Illustrators working in entertainment will spend their careers creating compelling imagery for narrative and marketing purposes. The best illustrators in entertainment inject a sense of gravity, mood, and energy which draws consumers and players into the world the art portrays. This course focuses on the skills essential to good image-making, and also on those skills which elevate an illustration to the next tier of professionalism. Those enrolled will discuss what makes a lasting, impactful piece of art, cover some of the techniques and tools you can use to maximize your chances of success, and build the habits necessary to conduct ourselves in a professional environment.
This course is designed to be an intensive introduction to comics and narrative, from the very first stage to having the comic printed. Students will begin by looking at comics and storytelling, then create storyboards and compose our comic pages. Students will go over techniques for inking, coloring, and even lighting and special FX. In the last week, everyone will also talk about how to promote your work and show your project to a publisher!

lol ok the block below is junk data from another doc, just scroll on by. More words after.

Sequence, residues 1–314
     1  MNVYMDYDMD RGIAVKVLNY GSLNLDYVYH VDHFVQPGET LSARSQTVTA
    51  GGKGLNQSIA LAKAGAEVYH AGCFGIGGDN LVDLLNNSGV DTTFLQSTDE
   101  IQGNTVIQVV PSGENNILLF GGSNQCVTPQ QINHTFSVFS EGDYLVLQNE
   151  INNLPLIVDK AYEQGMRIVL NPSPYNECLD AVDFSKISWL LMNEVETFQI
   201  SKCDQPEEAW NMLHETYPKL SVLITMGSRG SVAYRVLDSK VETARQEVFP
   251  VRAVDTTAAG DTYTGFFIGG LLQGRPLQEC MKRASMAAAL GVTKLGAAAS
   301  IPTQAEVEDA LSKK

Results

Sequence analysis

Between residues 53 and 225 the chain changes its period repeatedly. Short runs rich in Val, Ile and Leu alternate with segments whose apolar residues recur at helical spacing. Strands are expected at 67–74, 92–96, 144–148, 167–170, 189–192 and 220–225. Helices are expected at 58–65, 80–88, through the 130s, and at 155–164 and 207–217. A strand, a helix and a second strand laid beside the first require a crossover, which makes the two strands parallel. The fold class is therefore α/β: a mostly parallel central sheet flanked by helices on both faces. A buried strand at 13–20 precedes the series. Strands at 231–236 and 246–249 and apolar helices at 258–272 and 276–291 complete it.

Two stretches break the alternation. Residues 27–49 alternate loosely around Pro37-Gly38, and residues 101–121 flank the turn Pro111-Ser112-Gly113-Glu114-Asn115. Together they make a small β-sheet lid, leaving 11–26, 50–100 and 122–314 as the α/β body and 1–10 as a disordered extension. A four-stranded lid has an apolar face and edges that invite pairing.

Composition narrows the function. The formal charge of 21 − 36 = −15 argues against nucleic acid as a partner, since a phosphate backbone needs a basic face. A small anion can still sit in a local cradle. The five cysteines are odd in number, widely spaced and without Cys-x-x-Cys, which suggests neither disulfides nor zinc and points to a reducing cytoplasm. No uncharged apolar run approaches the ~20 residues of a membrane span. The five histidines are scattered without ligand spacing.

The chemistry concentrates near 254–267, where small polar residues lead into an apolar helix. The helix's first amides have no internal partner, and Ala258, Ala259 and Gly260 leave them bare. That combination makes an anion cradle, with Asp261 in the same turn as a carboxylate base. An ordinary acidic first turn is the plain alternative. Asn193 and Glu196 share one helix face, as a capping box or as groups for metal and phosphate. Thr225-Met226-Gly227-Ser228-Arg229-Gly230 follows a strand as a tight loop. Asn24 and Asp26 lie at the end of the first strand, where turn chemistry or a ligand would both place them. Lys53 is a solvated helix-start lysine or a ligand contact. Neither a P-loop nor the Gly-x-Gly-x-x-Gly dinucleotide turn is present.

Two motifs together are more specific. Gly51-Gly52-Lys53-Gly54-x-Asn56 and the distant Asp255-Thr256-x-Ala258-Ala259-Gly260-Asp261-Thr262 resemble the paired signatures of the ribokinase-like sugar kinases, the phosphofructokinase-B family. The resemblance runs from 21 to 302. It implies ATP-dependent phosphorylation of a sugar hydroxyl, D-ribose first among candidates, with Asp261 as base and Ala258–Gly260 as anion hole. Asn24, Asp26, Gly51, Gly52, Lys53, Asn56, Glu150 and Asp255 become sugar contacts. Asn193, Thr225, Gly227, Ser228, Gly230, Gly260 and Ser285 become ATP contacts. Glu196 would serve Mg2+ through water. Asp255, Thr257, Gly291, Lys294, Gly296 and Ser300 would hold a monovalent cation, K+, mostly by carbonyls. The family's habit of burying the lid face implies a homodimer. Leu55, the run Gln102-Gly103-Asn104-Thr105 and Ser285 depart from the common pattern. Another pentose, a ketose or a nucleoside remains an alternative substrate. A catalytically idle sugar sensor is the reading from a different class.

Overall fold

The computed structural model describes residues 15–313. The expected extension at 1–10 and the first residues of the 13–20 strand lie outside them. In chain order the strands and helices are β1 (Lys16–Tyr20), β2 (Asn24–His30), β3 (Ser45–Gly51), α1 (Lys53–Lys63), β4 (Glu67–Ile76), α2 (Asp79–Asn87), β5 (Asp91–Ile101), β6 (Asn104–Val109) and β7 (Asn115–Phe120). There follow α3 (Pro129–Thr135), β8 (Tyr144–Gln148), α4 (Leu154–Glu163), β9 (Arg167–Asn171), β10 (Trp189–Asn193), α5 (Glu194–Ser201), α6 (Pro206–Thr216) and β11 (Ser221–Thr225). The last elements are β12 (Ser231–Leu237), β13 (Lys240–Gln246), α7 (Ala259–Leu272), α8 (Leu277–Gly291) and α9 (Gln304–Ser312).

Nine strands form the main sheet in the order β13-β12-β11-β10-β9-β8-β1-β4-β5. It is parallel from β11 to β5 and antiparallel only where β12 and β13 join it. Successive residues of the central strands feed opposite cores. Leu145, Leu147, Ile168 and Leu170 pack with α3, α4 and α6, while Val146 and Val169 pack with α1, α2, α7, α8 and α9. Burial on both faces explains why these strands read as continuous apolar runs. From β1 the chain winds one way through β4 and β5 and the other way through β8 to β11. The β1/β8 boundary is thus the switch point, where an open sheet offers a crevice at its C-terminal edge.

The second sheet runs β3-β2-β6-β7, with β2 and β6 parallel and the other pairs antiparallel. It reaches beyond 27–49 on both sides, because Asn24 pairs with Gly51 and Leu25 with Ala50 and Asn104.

with JASON BRUBAKER– Graphic Novel Artist
Note: This course is not an introduction to comics or graphic novels, and a script will not be provided. Participants are expected to come with their own ideas/story as well as solid drawing and digital painting skills.
During this course students will bring their own stories to life using images that will efficiently aide in creating a short or long-form visual story. The lectures and assignments will touch on all the major aspects of developing original story and imagery for comics or graphic novels: writing, character and world building integration, among many other topics. Most importantly, students will learn how to create comics or graphic novels that are relatable and emotional, with characters and stories that will resonate with audiences. By the end of the course, students will have completed the beginning pages of their comics or graphic novels, and will have a road map for going all the way to the finished product! The students will use and develop their own stories throughout the course.